Credit: PA Images / Dominic Lipinski
The block of flats in East London engulfed by flames last month was not covered by the government’s combustible cladding ban because it is less than 18m high.
More than 200 blocks with the same type of timber cladding, containing more than 12,000 flats, received planning approval in the past six years, according to construction data analyst Glenigan. All are now subject to safety reviews, and the incident has opened up the possibility that thousands more tower blocks will have to be re-clad.
The Barking fire, which is thought to have been caused by a barbecue, engulfed the whole building in less than six minutes. It is estimated that timber accounts for more than 15% of all cladding sold in the UK – much of it for balconies.
Similarities were drawn between this fire and the Grenfell Tower fire two years ago. However, aluminium composite material (ACM) cladding was used to refurbish Grenfell. This was found on another 328 high-rise blocks in England – 221 of which are still awaiting re-cladding.
The fact that the Barking fire was spread by timber cladding has prompted many experts to call for a much wider review of combustible building cladding.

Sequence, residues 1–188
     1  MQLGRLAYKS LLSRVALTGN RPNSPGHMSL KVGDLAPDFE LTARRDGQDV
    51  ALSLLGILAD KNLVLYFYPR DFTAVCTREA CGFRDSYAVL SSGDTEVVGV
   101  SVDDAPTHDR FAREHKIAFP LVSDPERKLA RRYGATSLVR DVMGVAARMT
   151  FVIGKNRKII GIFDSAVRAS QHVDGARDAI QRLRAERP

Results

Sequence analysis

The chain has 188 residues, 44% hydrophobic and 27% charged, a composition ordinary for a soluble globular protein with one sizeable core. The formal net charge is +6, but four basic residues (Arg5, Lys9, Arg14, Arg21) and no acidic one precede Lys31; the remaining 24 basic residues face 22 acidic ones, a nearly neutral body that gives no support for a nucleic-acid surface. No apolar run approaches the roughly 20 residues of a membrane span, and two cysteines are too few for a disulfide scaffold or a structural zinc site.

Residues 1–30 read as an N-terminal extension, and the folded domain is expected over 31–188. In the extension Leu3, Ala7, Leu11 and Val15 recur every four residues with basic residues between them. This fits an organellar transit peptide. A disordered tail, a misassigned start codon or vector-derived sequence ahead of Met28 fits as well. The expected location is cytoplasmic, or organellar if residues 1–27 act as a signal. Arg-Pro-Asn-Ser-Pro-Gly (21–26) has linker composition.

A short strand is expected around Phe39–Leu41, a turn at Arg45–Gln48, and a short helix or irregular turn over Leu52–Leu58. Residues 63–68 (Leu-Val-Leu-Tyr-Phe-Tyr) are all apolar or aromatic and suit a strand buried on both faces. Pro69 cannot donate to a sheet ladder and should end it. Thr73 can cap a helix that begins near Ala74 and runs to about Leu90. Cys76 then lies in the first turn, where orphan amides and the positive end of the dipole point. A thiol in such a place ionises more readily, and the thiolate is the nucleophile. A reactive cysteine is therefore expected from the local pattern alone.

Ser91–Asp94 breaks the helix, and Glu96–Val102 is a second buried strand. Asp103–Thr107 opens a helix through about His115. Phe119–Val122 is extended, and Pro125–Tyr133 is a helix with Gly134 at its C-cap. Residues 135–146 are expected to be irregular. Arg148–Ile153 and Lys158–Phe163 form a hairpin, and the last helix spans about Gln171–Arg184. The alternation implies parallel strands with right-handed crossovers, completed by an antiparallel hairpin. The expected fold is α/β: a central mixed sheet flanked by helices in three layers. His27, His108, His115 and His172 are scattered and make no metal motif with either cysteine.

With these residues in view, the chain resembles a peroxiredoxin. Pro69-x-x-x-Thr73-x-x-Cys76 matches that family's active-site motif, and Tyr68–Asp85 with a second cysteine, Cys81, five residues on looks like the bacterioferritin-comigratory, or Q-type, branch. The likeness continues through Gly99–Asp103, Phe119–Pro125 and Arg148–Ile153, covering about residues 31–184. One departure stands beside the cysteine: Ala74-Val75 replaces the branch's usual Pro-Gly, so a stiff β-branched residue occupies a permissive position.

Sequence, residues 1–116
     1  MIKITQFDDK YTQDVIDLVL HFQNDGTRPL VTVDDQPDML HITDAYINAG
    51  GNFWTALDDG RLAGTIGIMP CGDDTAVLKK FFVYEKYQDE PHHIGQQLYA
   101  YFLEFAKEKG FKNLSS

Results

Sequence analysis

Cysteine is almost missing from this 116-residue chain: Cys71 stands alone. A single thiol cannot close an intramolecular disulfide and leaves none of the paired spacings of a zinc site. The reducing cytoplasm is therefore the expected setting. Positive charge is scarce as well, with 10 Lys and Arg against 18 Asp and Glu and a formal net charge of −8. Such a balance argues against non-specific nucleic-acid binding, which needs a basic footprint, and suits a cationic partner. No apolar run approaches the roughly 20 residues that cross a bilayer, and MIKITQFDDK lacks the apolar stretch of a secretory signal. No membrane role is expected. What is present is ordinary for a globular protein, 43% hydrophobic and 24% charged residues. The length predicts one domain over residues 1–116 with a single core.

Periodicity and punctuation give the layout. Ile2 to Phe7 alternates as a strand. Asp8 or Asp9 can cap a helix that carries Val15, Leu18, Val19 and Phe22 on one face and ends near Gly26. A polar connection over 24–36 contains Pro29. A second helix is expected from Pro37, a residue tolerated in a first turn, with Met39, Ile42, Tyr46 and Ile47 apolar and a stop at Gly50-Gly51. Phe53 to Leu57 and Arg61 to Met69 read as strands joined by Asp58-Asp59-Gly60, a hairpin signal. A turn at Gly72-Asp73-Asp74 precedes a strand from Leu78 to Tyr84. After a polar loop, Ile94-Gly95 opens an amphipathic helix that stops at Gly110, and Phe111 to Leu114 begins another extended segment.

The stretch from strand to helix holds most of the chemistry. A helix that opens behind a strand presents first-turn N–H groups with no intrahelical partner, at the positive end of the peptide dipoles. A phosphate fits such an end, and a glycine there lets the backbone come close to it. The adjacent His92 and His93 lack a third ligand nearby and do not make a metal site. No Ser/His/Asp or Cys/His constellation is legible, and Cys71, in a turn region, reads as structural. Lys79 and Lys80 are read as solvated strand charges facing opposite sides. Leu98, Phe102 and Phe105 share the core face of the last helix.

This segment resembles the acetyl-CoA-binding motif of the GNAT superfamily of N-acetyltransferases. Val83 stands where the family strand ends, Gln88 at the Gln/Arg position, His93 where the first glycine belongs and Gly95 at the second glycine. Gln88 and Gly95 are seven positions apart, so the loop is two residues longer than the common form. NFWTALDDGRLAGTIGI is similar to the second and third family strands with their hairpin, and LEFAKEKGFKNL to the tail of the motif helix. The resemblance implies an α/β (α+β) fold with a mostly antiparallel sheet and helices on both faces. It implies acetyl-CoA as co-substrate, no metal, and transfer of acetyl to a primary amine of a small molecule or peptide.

The government has so far committed to pay £200m to remove ACM from privately owned blocks, but there are now calls for the funding to be extended to other forms of cladding and fire-safety measures.
To mark the second anniversary of the Grenfell fire, survivors organisation Grenfell United arranged for messages to be projected onto high-rise buildings that are still awaiting remedial safety work.
The Ministry of Housing, Communities and Local Government (MHCLG) has issued new advice regarding residential buildings’ balconies.
In a note issued in the ongoing aftermath of the Barking fire earlier this month, the Ministry of Housing, Communities and Local Government (MHCLG) issued new advice regarding residential buildings’ balconies